The current study aimed to determine if it was feasible and acceptable to use ecological momentary assessment to assess individual associations between biopsychosocial contributors to chronic abdominal pain with 2 objective sensors and a mobile application. Specifically, we aimed to determine if it was possible to identify individualized associations between idiopathic pain associations. The goal was to determine if idiographic profiles have clinical value while the field works torward consensus about nomothetic trends.
Participants included 30 pediatric chronic abdominal pain patients, aged 8 to 17, who wore a physiological monitor and accelerometer that measured sleep and physical activity and answered 4 surveys per day on an app over the course of a 14-day study period.
Results indicated that participants were 96.2% and 95.5% compliant to the wrist-worn accelerometer measuring sleep and physical activity, respectively. Participants completed 76.3% of expected surveys and were least adherent to the physiological monitor (37.9%). In addition, it was possible to generate 24 (80%) personalized reports describing unique associations with pain for participants in the study.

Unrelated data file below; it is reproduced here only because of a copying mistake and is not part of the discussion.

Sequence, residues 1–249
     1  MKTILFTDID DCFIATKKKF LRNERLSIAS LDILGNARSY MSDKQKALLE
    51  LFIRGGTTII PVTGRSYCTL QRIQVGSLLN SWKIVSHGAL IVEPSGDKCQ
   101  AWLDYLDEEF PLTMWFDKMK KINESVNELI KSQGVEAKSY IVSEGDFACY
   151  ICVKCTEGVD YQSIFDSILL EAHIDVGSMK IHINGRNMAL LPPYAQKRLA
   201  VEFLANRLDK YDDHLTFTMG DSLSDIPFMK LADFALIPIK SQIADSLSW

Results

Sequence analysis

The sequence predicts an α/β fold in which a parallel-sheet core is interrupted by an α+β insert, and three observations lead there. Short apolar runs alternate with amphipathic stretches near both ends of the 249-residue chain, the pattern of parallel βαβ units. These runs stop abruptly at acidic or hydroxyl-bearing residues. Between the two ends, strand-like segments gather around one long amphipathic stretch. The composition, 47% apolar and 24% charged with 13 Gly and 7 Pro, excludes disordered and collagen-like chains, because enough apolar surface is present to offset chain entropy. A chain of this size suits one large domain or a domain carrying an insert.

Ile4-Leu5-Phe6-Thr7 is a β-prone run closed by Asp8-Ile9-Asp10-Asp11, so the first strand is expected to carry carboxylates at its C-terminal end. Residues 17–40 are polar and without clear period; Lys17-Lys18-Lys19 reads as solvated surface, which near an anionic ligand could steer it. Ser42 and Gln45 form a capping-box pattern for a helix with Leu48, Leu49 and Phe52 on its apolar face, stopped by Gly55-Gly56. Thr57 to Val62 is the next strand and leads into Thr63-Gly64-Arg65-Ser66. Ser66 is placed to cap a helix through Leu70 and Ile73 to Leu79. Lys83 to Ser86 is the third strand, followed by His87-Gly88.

Findings provide initial support for the use of ecological momentary assessment over a 2-week period to inform and create personalized profiles for improved clinical care in this population.
*Clinical Child Psychology Program, University of Kansas
†Schiefelbusch Institute for Lifespan Studies, University of Kansas, Lawrence, KS
‡Children’s Mercy Kansas City, Kansas City, MO
Supported by a grant from the Katherine B. Richardson Foundation, Kansas City, Missouri, United States of America. The authors declare no conflict of interest.
Reprints: Christopher C. Cushing, PhD, Clinical Child Psychology Program, University of Kansas, 2015 Dole Human Development Center, Lawrence, KS 66045 (e-mail: firstname.lastname@example.org).
Received February 28, 2019
Received in revised form July 5, 2019
Accepted July 23, 2019
Online date: August 20, 2019